Please consider the following:

In (health) decision modelling, an often-used approach is to extrapolate observed survival data with parametric functions.

The NICE Technical Support Unit summarised this methodology here and in a one-page summary here.

Usually, several parametric models are estimated. However, depending on the data used, it can happen that one (or more) specific model is ‘not converging’.

In R, the package flexsurvreg will give a warning message if this occurs:

Warning message: In flexsurvreg(Surv(times_start_ELd, times_end_ELd, type = "interval2") ~ : Optimisation has probably not converged to the maximum likelihood - Hessian is not positive definite.

In a report, I have seen colleagues addressing this issue as follows:

“[…] model did not converge due to the limited number of events over the long-term.”


“[…] model could not converge […]. No parametric function were estimated using these models.”

This post suggests a couple of solutions to avoid this error.

However, here I am rather interested in the implications of a non-converging model when other (alternative) models do give estimates.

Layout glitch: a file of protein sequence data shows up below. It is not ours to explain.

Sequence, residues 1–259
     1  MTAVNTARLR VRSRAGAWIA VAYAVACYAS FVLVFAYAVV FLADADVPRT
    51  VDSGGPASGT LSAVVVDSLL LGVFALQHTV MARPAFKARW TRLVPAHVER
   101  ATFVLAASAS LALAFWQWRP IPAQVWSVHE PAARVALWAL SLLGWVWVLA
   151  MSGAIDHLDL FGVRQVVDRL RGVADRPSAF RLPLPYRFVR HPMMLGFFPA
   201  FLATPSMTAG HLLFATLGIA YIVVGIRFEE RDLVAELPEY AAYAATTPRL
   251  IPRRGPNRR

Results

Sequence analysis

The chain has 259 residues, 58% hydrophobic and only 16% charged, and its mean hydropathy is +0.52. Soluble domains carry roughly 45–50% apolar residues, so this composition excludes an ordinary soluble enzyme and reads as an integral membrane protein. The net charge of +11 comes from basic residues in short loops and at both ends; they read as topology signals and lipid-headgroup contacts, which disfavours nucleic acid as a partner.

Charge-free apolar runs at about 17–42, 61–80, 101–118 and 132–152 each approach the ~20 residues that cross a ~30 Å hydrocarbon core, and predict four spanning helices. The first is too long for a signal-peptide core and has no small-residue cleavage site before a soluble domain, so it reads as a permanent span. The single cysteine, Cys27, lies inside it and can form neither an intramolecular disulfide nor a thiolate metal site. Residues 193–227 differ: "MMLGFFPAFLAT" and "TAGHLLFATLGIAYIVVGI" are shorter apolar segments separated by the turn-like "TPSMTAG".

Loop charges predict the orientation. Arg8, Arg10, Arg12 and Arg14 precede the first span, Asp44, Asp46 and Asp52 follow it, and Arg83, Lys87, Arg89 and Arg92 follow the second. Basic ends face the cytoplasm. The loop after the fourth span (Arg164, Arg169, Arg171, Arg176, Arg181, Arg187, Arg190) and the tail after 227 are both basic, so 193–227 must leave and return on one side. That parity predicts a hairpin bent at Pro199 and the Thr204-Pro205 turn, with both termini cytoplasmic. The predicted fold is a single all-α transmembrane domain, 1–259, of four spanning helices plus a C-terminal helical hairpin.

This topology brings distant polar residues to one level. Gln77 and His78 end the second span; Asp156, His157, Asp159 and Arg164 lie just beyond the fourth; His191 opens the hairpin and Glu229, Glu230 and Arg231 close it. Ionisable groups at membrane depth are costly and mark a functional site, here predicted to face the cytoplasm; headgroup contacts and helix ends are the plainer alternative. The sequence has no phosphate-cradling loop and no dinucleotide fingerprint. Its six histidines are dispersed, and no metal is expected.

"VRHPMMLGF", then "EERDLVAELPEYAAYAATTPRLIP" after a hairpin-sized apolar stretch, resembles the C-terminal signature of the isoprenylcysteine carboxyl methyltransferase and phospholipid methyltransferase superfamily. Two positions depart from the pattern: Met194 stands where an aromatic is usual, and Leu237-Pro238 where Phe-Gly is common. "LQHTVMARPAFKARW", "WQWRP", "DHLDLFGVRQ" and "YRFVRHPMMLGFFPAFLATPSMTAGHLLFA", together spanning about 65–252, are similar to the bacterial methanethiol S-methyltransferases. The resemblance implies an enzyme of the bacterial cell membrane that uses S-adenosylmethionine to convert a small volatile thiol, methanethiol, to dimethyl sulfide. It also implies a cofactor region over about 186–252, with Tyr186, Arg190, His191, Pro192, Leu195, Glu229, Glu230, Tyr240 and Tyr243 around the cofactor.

My questions are:

  1. How can you determine that the non-convergence is due to the limited number of events and not due to other causes (like massive censoring)?

  2. Am I correct in assuming that since the problem of non-convergence often happens in only one or a few models using the same data set, this is not per se a problem of the data but rather the parametric function? (What I mean here is that I do not need to investigate the scaling of the variables used for the parametric estimation as this works fine with the majority of the models. Hence, I would not re-scale the data but rather accept the model cannot be properly estimated.)

  3. If this non-convergence happens with one (or a few) model(s) only, is it common to ignore this model?

Thanks a lot.


It may be the case that the model assumptions are far from resembling your data, thus making the algorythm that calculates the model parameters unable to converge.

Another possibility is that one of the parameters tends towards infinity, as would be the case if you tried logistic regression on the following data (explaining_variable, health_state):

(1, healthy); (1, healthy); (-1, sick); (-1, sick)

Here a logistic regression model would try to make the effect of the explanatory as big as possible, with the optimization algorithm that fits the model never converging (it can always keep making the parameter bigger and bigger)


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